Can prebiotic supplements help with weight management?

July 28, 2023 3 min read

Can prebiotic supplements help with weight management?

Prebiotic supplements have been found to have numerous health benefits, one of which is their ability to aid in weight management. Here are the reasons why:

  • Regulation of appetite hormones: Prebiotics have been found to regulate the production of hormones that control appetite, such as ghrelin and leptin. These hormones play a key role in determining the feeling of hunger and fullness. Studies have shown that prebiotic supplementation can lead to reduced levels of ghrelin, the hunger hormone, and increased levels of leptin, the hormone that signals fullness. This can lead to a reduction in food intake, and thus aid in weight management.
  • Improved glucose metabolism: Prebiotic supplements have also been found to improve glucose metabolism, which can contribute to weight management. By promoting the growth of beneficial gut bacteria, prebiotics can increase the production of short-chain fatty acids (SCFAs), which have been shown to improve insulin sensitivity and glucose tolerance. This can help prevent the development of insulin resistance, which is a risk factor for weight gain and obesity.
  • Reduced inflammation: Chronic inflammation has been linked to obesity and metabolic disorders, such as insulin resistance and type 2 diabetes. Prebiotic supplements can help reduce inflammation in the body by promoting the growth of beneficial gut bacteria, which can reduce the population of harmful bacteria that contribute to inflammation. In addition, prebiotics can increase the production of SCFAs, which have been shown to have anti-inflammatory properties.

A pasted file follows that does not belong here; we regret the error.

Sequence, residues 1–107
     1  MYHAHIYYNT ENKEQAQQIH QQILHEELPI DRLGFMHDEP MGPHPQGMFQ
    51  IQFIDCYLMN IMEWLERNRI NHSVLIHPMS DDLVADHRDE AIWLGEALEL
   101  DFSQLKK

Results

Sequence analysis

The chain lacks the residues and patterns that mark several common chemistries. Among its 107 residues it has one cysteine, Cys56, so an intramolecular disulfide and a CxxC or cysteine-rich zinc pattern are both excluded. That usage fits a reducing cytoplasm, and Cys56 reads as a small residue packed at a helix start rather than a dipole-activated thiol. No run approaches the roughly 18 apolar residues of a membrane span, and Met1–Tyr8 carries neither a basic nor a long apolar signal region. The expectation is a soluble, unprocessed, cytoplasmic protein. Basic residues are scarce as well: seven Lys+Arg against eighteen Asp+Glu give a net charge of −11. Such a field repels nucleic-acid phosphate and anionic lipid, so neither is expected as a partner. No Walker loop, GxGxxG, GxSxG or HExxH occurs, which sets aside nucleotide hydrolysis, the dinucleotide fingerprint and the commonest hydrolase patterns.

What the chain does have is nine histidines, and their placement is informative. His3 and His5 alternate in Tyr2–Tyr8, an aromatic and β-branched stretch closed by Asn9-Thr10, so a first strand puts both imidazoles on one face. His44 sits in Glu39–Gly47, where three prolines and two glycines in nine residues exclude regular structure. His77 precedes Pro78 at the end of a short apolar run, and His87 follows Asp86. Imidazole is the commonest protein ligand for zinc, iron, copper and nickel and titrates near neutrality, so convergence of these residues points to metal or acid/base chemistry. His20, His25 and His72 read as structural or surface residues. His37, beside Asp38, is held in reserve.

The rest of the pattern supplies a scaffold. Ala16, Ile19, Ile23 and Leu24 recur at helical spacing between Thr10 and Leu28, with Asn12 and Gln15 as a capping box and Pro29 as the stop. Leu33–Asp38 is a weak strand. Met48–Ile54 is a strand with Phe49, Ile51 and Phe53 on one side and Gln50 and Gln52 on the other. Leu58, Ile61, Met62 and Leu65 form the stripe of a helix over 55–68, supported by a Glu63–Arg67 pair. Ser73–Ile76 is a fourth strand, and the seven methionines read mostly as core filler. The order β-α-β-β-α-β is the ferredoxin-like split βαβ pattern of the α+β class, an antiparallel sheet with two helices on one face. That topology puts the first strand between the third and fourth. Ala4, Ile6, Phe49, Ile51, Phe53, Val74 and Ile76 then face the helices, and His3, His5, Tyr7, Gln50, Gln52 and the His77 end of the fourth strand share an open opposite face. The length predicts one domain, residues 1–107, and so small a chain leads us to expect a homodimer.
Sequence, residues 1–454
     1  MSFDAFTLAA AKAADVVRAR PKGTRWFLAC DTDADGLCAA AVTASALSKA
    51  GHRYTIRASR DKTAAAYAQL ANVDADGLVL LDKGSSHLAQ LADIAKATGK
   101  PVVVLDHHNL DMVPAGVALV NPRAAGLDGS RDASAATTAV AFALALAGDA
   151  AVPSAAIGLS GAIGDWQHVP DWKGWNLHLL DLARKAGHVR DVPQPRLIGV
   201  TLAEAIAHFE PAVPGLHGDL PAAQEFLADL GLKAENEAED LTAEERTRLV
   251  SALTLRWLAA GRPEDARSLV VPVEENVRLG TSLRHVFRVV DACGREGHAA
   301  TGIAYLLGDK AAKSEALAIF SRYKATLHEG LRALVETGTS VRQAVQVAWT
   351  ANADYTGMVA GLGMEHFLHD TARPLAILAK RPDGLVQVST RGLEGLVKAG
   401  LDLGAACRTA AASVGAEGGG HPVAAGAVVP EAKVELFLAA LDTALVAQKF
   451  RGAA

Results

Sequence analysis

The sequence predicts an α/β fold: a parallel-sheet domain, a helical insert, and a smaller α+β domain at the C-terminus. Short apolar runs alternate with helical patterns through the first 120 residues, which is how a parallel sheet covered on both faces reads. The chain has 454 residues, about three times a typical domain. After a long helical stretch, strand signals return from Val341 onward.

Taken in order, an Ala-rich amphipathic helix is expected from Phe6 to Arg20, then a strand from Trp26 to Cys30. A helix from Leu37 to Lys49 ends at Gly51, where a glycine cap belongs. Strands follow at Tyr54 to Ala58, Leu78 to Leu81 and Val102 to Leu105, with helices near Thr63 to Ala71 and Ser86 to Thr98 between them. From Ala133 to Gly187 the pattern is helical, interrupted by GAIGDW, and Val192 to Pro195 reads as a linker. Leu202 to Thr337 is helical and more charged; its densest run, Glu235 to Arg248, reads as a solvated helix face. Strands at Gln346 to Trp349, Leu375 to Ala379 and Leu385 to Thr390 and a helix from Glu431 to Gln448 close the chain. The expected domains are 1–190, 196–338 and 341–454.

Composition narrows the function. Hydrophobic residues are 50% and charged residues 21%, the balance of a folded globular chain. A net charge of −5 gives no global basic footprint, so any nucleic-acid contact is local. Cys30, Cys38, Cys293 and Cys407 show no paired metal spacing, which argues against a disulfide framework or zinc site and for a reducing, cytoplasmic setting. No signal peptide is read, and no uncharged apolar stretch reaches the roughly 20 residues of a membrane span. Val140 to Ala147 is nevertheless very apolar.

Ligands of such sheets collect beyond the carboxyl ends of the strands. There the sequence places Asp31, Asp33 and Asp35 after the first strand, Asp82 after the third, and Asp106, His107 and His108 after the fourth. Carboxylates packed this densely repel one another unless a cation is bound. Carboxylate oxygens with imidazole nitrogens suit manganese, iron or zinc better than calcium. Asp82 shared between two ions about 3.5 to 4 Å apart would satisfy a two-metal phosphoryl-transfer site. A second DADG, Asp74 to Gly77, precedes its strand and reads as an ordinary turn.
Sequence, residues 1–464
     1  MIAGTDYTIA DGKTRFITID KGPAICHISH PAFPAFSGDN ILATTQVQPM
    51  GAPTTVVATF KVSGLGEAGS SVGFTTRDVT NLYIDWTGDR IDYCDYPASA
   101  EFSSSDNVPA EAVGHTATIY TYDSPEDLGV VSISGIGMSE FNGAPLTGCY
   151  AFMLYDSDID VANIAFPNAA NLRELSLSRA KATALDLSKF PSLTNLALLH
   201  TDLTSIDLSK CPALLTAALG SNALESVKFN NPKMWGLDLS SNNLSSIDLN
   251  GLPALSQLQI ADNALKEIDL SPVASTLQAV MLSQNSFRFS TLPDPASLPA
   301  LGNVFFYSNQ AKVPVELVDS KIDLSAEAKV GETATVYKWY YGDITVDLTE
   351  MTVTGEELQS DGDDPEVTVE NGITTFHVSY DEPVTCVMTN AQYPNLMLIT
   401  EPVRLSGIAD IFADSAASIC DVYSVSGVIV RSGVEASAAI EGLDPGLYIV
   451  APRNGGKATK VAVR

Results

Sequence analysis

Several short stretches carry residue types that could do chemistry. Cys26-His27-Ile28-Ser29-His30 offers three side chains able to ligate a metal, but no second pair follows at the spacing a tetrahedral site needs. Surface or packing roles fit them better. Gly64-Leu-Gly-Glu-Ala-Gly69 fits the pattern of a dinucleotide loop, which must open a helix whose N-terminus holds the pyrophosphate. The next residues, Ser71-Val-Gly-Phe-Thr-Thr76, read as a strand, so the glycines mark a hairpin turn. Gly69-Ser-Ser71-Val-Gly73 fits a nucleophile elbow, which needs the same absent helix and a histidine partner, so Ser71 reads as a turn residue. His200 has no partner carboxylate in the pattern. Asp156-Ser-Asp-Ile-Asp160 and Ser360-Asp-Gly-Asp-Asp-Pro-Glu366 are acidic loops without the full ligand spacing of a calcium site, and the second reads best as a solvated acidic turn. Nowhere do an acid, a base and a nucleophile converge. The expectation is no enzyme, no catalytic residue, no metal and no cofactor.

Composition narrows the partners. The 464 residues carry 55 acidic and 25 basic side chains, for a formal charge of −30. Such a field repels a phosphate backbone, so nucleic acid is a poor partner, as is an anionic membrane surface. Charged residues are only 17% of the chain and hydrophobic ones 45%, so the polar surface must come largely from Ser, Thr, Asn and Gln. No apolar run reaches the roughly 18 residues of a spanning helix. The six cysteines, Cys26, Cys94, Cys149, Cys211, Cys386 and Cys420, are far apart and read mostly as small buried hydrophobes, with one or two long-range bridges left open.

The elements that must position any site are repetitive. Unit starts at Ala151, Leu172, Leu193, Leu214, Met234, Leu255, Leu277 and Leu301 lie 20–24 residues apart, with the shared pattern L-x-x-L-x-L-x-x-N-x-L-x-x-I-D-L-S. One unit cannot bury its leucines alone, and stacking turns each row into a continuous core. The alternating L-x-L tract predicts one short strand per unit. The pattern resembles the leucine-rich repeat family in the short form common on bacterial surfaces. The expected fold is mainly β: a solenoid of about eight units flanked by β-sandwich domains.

• Increased satiety: Prebiotic supplements can increase feelings of fullness and satiety, which can help with weight management. This is because prebiotics are fermented in the gut by beneficial bacteria, which produce SCFAs that can activate receptors in the gut that signal fullness. Additionally, prebiotics can slow the emptying of the stomach, which can lead to increased feelings of fullness and reduce overall food intake.
  • Reduced fat storage: Prebiotics have also been found to reduce fat storage in the body, which can contribute to weight management. This is because prebiotics can increase the production of SCFAs, which can promote the oxidation of fatty acids and reduce the storage of fat in adipose tissue. In addition, prebiotics can reduce the absorption of dietary fat, which can further reduce the amount of fat stored in the body.

About Layer Origin: At Layer Origin, we are dedicated to unlocking the potential of Human Milk Oligosaccharides (HMOs). We believe that only God's gift could be so perfectly designed to support our gut health. Our goal is to make this super prebiotic available for both children and adults. Check out PureHMO and SuperHMO Prebiotics

References:

Cani, P.D., & de Vos, W.M. (2017). Next-generation beneficial microbes: the case of Akkermansia muciniphila. Frontiers in microbiology, 8, 1765. doi: 10.3389/fmicb.2017.01765

Cani, P.D., Neyrinck, A.M., Maton, N., Delzenne, N.M. (2005). Oligofructose promotes satiety in healthy human: a pilot study. European journal of clinical nutrition, 59(2), 983-989. doi: 10.1038/sj.ejcn.1602199

Holscher, H.D. (2017). Dietary fiber and prebiotics and the gastrointestinal microbiota. Gut microbes, 8(2), 172-184. doi: 10.1080/19490976.2017.1290756

Salazar, N., Gueimonde, M., Hernandez-Barranco, A.M., Ruas-Madiedo, P., de los Reyes-Gavilan, C.G. (2016). Exopolysaccharides produced by Lactobacillus and Bifidobacterium strains abrogate in vitro the cytotoxic effect of bacterial toxins on eukaryotic cells. Journal of applied microbiology, 120(4), 952-960. doi: 10.1111/jam.13059

Wu, G.D., Chen, J., Hoffmann, C., Bittinger, K., Chen, Y.Y., Keilbaugh, S.A., Bewtra, M., Knights, D., Walters, W.A., Knight, R., Sinha, R., Gilroy, E., Gupta, K., Baldassano, R., Nessel, L., Li, H., Bushman, F.D., Lewis, J.D. (2011). Linking long-term dietary patterns with gut microbial enterotypes. Science, 334(6052), 105-108. doi: 10.1126/science.1208344


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